4th October 2011
Funny places you learn to listen
Picture the scene – I’m sitting in the hairdressers with one of those really ‘attractive’ black plastic capes around me with my hair primed and ready for a blow dry. I’m casually chatting away to my hairdresser about my weekend when a woman walks through the door and angrily asks to see the manager. Her face clearly says ‘I’m not happy’. The manager walks over and asks how she could help.
I watch as the two quickly descend into what looks like two lionesses fighting rather than two amazingly beautiful, intelligent women talking about a problem that, between them, they needed to resolve.
As I sit in my chair, watching everything through the mirror, I can feel my stomach lurching, my heart rate rising, my mouth becoming dry and deep pangs of sadness as I recognise an old but familiar pattern being played out right before my eyes.
The pattern – feeling unheard and unsafe; needing to defend or attack; repeating myself over and over in the hope the other will ‘get it’; voices and energy rising; and the use of more aggressive and defamatory language.
Missing ingredient = Listening
In that moment I realised what was missing. The simple ability to LISTEN!
It was clear that both women were completely unconscious they weren’t listening to each other. Instead they had been ‘taken over’ by the most basic of survival mechanisms – the ‘fight/flight/freeze response’.
Having spotted the pattern I decided to go over, introduce myself and just listen. Within minutes the energy softened, bodies relaxed and voices became quieter. The most exciting part was that they managed to listen to each other and come to a mutually agreeable resolution.
Why we need to learn to listen
As I reflect on the afternoons events I am reminded of two things:-
- Everyone wants to be listened to; and
- The power of listening
Looking back I can clearly remember being told to listen but I realise I didn’t understand firstly, what it meant to listen and secondly, why I needed to listen. In fact it wasn’t until, approaching thirty, that I began to understand just how powerful listening really is. In particular:-
You get to understand what’s really going on when you listenThe more you listen, the more chance you have of hearing what’s really going on for the person. I often find that what a person starts out saying isn’t what they really want you to hear. In the situation above, the client shouted ‘you’ve ruined my hair’ but what she really wanted the manager to hear was ‘I’m really frightened and feel completely alone in this situation. I know you told me the risks of coming in and putting colour over damaged hair but I so wanted to feel beautiful and like a woman that I chose to override your advice. I desperately need help right now. Can you help me?’ It was only by the manager listening that the client got to this level of understanding for herself. Once they got to that point, they were able, together, to find a resolution.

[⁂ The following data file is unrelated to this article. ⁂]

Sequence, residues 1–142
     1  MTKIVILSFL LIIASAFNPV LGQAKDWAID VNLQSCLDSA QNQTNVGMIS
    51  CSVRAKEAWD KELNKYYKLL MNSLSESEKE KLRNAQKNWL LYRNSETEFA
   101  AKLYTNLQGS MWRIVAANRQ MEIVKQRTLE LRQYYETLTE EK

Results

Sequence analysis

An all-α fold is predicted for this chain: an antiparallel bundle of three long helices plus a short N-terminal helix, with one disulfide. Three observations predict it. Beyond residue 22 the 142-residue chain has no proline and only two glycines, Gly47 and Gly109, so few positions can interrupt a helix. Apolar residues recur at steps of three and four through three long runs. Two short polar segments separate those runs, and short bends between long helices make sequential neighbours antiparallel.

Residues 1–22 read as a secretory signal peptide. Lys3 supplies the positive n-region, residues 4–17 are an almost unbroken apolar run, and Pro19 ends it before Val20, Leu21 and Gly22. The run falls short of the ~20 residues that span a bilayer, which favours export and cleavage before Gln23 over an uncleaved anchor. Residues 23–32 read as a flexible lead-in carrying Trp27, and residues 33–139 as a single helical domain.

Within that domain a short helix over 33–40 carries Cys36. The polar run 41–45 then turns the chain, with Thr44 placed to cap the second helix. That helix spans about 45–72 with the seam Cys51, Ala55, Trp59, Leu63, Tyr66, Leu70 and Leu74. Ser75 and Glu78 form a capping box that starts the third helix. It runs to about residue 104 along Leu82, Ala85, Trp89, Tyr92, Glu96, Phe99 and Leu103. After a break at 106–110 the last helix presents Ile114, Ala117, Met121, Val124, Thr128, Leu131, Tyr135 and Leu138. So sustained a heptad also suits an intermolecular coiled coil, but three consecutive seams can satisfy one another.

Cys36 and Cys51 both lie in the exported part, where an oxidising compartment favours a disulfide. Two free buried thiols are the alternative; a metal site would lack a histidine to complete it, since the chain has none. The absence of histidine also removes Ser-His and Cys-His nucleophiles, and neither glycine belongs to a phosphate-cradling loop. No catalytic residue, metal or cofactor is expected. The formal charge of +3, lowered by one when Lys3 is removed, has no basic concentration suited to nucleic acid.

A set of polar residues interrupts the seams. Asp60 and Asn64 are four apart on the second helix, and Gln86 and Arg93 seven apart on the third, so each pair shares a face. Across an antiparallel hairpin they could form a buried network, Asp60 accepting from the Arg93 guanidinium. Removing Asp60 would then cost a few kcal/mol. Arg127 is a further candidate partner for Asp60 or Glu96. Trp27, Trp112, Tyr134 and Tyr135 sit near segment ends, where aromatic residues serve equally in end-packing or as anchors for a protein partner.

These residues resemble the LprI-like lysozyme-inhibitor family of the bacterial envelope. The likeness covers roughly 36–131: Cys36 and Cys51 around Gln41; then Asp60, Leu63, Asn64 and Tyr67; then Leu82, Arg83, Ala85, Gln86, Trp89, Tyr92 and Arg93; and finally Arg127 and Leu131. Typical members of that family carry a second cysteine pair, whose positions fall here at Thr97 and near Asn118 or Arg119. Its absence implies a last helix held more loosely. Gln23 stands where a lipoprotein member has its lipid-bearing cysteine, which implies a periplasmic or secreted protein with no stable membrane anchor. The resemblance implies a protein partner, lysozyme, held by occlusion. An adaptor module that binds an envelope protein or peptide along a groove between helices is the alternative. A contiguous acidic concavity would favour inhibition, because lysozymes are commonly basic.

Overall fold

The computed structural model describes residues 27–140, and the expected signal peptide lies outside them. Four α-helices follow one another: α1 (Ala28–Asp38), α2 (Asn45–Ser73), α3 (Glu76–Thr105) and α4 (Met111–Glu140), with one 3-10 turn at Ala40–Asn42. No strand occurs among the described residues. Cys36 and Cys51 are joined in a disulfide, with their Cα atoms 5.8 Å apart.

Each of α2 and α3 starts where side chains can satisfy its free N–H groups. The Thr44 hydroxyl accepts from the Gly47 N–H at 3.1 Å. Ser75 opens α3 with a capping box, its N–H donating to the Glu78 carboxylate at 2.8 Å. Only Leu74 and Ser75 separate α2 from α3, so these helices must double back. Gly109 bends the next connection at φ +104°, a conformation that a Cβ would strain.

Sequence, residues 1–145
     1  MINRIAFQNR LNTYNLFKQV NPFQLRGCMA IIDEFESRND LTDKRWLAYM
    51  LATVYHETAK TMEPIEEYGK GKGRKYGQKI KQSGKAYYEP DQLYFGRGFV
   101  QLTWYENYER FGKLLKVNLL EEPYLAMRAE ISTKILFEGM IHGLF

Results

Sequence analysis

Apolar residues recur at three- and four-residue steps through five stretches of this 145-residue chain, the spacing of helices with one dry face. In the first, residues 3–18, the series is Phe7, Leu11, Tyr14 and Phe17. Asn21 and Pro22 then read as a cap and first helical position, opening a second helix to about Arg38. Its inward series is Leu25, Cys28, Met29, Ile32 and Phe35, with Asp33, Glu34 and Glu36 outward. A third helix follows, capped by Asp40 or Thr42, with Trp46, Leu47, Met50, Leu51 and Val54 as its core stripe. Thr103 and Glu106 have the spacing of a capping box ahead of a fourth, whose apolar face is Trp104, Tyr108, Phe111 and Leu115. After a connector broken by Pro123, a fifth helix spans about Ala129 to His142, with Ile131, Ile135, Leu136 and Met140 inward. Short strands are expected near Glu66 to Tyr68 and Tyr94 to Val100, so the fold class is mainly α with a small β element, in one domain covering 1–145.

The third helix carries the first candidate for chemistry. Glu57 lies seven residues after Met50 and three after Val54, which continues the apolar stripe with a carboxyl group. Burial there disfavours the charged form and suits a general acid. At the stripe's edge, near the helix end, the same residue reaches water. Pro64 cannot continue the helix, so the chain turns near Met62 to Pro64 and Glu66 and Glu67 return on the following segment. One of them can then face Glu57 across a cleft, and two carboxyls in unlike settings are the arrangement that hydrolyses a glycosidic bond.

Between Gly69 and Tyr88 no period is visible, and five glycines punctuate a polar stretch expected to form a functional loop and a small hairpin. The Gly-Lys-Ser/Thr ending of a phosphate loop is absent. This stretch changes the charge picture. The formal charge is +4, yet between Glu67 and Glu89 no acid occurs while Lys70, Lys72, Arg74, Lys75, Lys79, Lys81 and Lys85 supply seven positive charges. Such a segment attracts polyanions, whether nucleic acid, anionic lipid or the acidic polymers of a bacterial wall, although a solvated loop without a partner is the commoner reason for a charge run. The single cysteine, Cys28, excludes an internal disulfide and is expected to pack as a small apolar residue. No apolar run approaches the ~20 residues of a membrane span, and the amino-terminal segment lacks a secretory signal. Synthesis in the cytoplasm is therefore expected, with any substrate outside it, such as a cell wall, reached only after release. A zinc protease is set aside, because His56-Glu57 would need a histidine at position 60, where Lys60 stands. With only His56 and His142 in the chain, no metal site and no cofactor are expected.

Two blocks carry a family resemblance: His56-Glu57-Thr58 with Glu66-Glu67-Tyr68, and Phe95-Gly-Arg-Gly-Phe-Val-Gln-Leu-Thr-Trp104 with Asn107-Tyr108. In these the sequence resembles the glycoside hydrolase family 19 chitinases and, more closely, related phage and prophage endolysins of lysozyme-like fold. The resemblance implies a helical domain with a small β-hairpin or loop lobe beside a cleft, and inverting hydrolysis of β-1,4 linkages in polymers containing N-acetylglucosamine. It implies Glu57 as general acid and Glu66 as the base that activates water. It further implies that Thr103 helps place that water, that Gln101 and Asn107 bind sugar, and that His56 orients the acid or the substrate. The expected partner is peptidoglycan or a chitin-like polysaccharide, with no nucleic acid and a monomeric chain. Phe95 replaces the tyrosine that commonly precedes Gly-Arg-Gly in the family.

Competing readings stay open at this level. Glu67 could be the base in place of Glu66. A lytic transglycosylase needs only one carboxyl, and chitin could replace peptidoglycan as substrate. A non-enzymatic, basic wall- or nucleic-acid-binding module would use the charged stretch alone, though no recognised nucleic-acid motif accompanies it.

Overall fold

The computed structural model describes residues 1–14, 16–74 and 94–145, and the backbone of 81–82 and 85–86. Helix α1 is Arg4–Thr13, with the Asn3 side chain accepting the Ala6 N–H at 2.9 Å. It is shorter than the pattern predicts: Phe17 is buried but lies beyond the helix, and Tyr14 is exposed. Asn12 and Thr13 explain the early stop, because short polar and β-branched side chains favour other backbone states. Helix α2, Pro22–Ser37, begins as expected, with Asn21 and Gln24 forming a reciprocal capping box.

Resolution happens faster when you listenSo you’ve listened and understood the need. Now you have the potential to identify what needs to happen. This means you are one step closer to a resolution. Had the hairdresser and client continued to engage in an aggressive and defensive manner, not only would they have found it very difficult to reach a resolution but, any resolution would have taken hours, days and even weeks. As it was they had been ‘debating’ for at least 15 minutes before I intervened. As soon as listening was introduced it less than ten minutes to get to a resolution.
You get to a more positive resolution when you listenWhen you listen, not only do you have the opportunity to move the situation towards resolution but you get to a much more positive resolution. This is primarily because you will have heard what is really important in the situation and been able to reach a more empathic connection with the person’s experience. In the situation above by connecting with the client’s fear the manager went from offering her a product to take home to offering her an in-salon treatment as well as a cut and blow wave for free – and she gave the client the home care product!.
People feel safer and more open to a mutually beneficial resolution when they feel listened toWhen a person feels listened to they are much more likely to listen to you too. By effectively listening to her client and, by her client listening to her, the manager got her needs met too. She came to realise that what she wanted was a happy client; to offer a professional service; and to help in a way that was aligned with her personal and professional values. In the end, she managed to achieve all three.
Listening is not easy and the hairdresser situation is not an unusual one. I see people struggling with it all around me – on the streets, in my therapy room, in the board room and on television. Be it between adults, adults and children, and even amongst children.
The more I reflect on this, the more I believe that by listening to each other we could prevent wars, reduce crime, restore communities and re-establish connection - and wouldn’t that be a good thing!
(For handy tips on HOW to listen read my blog entry ‘So you think you can Listen’)
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